HARUKI Murakami has a knack for taking mundane situations and transforming them into feats of fantastical journeys of both physical and psychological nature. And he does just that in his short story The Strange Library which is beautifully published in hardcover with glossy paper. The book is nicely translated from Japanese into English by Ted Goossen.
The book itself is a piece of art; it contains various beautiful pictures which are not illustrations of the story, but rather an integral part of the narrative. Most of these pictures were selected from books previously penned by the author and other writers, and integrated into the plot. It is this inter-textual quality of the tale that makes it more attractive than regularly illustrated books.
The Strange Library follows an unnamed young boy who, on a sudden whim, decides to visit the city library to read up on the tax system of the Ottoman Empire. He feels that ever since he was bitten by a large black dog he has changed in a peculiar way but he doesn’t know the exact nature of this change: “my mind got scrambled since the black dog bit me, and it hasn’t been quite right since”. Also, ever since that accident, his mother has become overprotective of him; and he, in turn, does not want to upset her in any way. It is revealed that the boy has a pet, Starling, whom he seems to cherish above all. The protagonist believes that he has a natural disposition to please people; he is “the type of boy who naturally followed orders”. When this innocent young boy enters the library looking for books on the Ottoman tax system, he unwittingly sets foot into a strange world.
The boy visits the library on regular basis: “ever since I was little my mother had told me, if you don’t know something, go to the library and look it up”. The fact that it is a library — a place that is supposed to offer us knowledge and enlightenment — which traps the protagonist in a dark underground labyrinth challenges the reliability of truth and rational knowledge. “Why did something like this have to happen to me? All I did was go to the library to borrow some books”, the boy asks.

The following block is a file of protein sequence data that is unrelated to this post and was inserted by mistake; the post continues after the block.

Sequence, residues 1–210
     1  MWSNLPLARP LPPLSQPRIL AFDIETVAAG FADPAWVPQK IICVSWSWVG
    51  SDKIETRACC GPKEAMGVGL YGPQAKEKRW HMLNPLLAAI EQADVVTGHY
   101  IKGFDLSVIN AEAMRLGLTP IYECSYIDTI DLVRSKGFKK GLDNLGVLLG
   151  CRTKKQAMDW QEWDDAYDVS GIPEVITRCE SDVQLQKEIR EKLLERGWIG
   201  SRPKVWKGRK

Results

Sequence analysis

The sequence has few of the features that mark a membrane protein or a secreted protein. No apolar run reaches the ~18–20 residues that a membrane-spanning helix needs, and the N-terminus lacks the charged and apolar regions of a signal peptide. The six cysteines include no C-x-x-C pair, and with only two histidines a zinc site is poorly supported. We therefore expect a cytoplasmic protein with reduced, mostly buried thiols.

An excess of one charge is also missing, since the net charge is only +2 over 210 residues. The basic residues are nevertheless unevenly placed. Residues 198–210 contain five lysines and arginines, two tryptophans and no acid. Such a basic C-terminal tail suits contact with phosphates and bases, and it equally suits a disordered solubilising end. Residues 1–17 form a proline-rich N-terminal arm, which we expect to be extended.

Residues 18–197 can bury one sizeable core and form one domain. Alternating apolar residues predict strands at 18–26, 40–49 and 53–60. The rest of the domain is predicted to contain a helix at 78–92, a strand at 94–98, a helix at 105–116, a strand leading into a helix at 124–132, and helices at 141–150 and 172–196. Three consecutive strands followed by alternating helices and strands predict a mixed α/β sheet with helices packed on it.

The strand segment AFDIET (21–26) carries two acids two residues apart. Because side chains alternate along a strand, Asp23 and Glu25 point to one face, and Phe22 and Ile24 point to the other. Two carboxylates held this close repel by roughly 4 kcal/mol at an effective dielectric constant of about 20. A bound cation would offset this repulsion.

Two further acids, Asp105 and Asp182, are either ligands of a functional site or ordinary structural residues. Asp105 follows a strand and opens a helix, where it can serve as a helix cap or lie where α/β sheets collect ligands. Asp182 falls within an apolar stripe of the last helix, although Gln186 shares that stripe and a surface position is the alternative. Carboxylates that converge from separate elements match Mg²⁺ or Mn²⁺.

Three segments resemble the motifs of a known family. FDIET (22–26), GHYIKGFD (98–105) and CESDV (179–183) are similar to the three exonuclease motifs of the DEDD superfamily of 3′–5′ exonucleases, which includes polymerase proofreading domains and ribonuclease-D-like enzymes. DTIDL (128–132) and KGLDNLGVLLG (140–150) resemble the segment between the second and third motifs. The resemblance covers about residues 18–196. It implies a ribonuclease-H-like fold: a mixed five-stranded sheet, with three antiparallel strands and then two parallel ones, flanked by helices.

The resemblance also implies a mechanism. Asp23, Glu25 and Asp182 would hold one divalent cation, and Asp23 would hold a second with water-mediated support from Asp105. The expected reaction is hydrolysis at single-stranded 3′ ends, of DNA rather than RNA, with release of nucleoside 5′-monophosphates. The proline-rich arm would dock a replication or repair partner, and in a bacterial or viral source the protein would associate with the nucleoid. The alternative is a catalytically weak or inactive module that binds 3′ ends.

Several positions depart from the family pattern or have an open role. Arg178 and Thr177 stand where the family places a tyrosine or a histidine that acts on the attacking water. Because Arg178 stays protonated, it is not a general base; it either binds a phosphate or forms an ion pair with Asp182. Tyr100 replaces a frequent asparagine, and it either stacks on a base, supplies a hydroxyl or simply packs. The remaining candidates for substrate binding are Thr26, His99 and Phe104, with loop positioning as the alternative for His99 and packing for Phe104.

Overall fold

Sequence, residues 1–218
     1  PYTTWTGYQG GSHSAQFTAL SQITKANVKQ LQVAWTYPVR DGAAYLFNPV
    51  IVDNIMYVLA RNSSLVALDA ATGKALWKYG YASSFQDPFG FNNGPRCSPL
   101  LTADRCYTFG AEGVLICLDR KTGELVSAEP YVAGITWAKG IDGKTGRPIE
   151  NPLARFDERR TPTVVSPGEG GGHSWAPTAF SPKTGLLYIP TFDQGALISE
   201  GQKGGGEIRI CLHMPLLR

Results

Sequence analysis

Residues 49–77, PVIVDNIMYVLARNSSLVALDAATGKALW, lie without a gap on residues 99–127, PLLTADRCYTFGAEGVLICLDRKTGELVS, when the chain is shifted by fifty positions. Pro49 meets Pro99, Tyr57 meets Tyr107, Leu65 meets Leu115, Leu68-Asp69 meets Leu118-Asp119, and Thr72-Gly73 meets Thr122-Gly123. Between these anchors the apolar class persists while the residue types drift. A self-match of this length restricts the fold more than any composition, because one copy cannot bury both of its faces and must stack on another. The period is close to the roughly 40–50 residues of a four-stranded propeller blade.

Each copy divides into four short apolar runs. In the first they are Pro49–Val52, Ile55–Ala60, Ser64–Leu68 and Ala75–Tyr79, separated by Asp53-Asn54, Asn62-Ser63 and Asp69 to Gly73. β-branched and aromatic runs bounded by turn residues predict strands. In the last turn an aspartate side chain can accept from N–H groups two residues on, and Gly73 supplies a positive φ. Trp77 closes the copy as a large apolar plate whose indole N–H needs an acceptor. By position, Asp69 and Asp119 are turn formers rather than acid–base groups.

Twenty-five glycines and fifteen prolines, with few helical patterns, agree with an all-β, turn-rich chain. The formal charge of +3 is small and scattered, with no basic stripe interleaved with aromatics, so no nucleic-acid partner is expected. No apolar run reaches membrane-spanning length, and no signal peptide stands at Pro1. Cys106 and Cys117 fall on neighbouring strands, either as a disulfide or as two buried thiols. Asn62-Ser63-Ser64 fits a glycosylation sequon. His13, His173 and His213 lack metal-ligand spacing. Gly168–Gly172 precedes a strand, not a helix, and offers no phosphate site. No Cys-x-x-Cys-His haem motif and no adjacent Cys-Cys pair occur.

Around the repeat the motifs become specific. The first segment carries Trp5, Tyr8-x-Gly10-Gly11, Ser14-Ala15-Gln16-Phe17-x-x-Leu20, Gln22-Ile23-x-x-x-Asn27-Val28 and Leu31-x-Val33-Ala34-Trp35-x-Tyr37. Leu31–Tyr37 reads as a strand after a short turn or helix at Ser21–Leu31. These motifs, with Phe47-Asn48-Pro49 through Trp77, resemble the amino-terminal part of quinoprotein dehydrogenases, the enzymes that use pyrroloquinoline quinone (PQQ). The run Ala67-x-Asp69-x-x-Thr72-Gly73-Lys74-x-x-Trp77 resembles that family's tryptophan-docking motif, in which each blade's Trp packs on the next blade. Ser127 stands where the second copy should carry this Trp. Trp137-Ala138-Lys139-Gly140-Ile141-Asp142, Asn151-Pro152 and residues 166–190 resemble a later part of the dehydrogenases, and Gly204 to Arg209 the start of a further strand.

Stylistically, the story is written in the manner of children’s stories but thematically it is much more sinister and darker. We have all the elements of a cautionary tale: a culpable young boy, a strange and dangerous world and a deceptive old man. It’s a story for adults disguised as children’s fiction because Murakami’s message isn’t moral but philosophical.
We can never know what dangers can creep into seemingly safe and innocent places such as a library. “The world follows its own course… Each possesses his own thoughts, each treads his own path”. The attraction of Murakami’s unique style lies in its inherent transgressive and subversive nature which offers readers a fleeting escape from the drab ‘real’ world.
Murakami questions the very existence of our world, and shows us how we all live in our own distinct worlds that occasionally become entangled, disturbing the apparently rational balance that serves as an anchor for our physical selves. The categories of real and fantastical are brought under question, creating a third category where both of these worlds coincide. Whether this third world exists in physical form or the mind of the perceiver is left to the imagination of the readers.
This story may read like a children’s tale but Murakami’s interpretation of human fear is more in accordance with adult literature. Deep inside, the boy is terrified that his mind had been addled ever since he was bitten by the black dog. It is by slipping in these doubts of the main characters about the reality of their experiences that Murakami creates a shifting reality that our biggest fears might leave the deepest recesses of our subconscious mind and become ‘real’ in an alternative reality. But The Strange Library also indicates that love such as that of the boy’s for his mother and his pet, for instance, can give us strength to face the challenges brought on by any parallel world, no matter how dangerous.
I enjoyed reading this beautiful little book, but if I revisit it would be mainly for the delightful visual experience that it offers. If the book had been published in the usual way, with no added pictures, I don’t think I would have bought it because all the themes of The Strange Library have already been handled in great detail in Murakami’s previous works. For instance, The Hard-Boiled Wonderland and the End of the World makes use of this theme of subjective reality to highlight that how we experience the world is always relative. While in this story, too, Murakami uses the moon as a motif for blurred boundaries between different worlds, his exploration of this brilliant idea is at its best in 1Q84. However, for devoted readers of Murakami The Strange Library is a collector’s item offering everything they love about him in a pretty little package.
The Strange Library
By Haruki Murakami
Translated by Ted Goossen
Illustrated by Chip Kidd
Harvill Secker, UK
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